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Nick Brown's Slow Boat traverses stormy emotions with clever country music
Displeasure cruise
Brown examines 'that blurry line between the songwriter and the narrator.'
Credit:David Kreisman

Nick Brown trades lots of smart-assed banter with his bandmates when playing bass in Madison-based country act Brown Derby. Those who've enjoyed the band's playful honky-tonk at the Crystal Corner Bar might not expect to find a nuanced persona and quiet arrangements on Brown's first solo album, Slow Boat. He'll celebrate its release Friday, Jan. 11, at the High Noon Saloon.

Brown is even a little surprised that plaintive moments outweigh wisecracks on the album.

"I'm funny as shit, but I get criticized by people I know really well for being so serious and writing such downer songs all the time," he says.

Indeed, the narrator of opening track "Living That Way" contemplates his self-destructive existence as if he just can't help his bad habits: "I throw my money off the backs of trains/And I don't understand not living that way."

Since Slow Boat is a country-influenced album, it's inevitable that sadness will give way to humor a few times. "Light Beer and Heavy Hearts" channels the terse cleverness of classic-country drinking songs, but Brown finds a more distinctive approach on "Factory Farms." In lyrics one immediately feels guilty for laughing about, Brown catches you up on some idealized figures who've fallen into disgrace, including Barbie: "She married Ken at 22/He beats her up and buys her shoes."

Still, what emerges from Slow Boat isn't some quirky conceit but a songwriter carefully trying out different types of songs and personas.

"One of the things I really like about singer-songwriters is that blurry line between the songwriter and the narrator," Brown says.

On "Melanie," he even grapples with a type of tune he's ambivalent about: the murder-story song. The first-person lyrics are based on a murder case Brown covered as a newspaper reporter in New Hampshire. As a listener, he usually doesn't gravitate toward such songs.

"All kinds of folksingers write songs like that, but it's just a lot of information," he says.

The album uses no drums, save for some lightly brushed snare. Brown's voice dominates the mix, along with his acoustic guitar and the Telecaster and pedal steel of Brown Derby lead guitarist Andrew Harrison. Brown's vocal tone is both rugged and silky, sounding equally confident in the beaten-down baritone of "I Will Be Gone" and the flirtatious lilt of "Play That Song."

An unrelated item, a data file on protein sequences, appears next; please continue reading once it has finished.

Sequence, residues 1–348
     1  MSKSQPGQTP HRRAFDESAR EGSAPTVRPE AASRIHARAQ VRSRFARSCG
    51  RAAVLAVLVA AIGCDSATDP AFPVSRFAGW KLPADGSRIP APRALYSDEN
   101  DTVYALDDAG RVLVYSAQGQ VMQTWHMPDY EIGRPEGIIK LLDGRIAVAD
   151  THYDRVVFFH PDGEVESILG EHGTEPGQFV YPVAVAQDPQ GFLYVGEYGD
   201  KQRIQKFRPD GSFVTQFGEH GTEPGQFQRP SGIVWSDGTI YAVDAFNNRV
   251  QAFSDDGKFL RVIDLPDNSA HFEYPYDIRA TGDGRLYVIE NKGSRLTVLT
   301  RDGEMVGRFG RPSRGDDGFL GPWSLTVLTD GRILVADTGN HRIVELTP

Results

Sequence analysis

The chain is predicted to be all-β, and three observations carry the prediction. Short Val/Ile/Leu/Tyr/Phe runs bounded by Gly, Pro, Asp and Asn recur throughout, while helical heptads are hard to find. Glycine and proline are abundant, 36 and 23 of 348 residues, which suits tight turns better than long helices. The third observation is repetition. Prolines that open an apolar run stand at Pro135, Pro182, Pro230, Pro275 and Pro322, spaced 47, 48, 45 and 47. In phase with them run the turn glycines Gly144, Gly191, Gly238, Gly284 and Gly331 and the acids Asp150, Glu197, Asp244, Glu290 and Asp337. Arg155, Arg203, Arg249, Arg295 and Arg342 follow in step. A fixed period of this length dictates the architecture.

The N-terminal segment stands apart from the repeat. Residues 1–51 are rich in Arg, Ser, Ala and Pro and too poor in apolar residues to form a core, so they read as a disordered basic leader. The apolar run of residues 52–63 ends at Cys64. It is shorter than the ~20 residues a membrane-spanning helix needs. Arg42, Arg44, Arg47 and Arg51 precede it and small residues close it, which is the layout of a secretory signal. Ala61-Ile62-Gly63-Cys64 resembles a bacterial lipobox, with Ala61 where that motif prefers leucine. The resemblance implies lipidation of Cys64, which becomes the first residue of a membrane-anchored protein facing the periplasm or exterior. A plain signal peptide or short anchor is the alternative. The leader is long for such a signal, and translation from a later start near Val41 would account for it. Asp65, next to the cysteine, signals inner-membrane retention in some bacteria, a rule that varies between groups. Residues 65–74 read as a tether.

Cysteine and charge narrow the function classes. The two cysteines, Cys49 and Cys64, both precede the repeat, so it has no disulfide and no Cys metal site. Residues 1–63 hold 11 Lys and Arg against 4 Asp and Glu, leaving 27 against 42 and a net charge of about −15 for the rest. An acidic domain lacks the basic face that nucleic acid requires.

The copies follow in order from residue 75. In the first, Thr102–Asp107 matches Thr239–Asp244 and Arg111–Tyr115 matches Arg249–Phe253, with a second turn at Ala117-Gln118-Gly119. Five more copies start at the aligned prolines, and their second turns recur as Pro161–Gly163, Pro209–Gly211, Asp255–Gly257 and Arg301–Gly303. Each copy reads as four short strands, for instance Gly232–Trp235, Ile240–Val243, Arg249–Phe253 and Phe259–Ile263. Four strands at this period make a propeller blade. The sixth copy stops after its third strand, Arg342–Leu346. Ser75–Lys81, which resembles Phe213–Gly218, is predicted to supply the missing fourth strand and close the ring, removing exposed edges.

Brown used some of his studio time at Madison Music Foundry to create swaying, charming background vocals, especially on "Slow Boat." The album's liner notes cheekily credit these vocals to "the Brownaires," shorthand for Brown overdubbing himself.

"It adds a kind of depth that you don't hear as much," Brown says. "The Jordanaires were a backing band that played with a lot of country people and Elvis, and they do all that 'aah-aah-oh' stuff."

Beyond that, the album indulges in few sonic luxuries, except for handsome mixing and mastering (by Landon Arkens and Dustin Sisson, respectively) and some vocals from Count This Penny's Amanda Rigell.

"I think, by contract, she has to sing with everyone in town," Brown jokes, noting how quickly Count This Penny have befriended local musicians since arriving in Madison.

In addition to singing a duet with Brown on "Hand in Hand" and harmonizing on a couple of other songs, Rigell often covers Brown's "Living That Way" during Count This Penny's live sets.

Friday's show will reflect some of Slow Boat's sparseness but eventually depart from it. Brown plans to start off solo acoustic and gradually add members of a newly assembled live band, including Rigell and Harrison, until there are as many as eight people onstage. The set will incorporate Slow Boat songs, covers and a few new tunes, he says.

Brown's also looking forward to starting another project that'll play some upbeat, rocking songs he's been saving up.

"The older I get, the bigger this place is in my heart for really stupid, simple rock," he says. "I would love to play on a worst of Bad Company album, or something like that."

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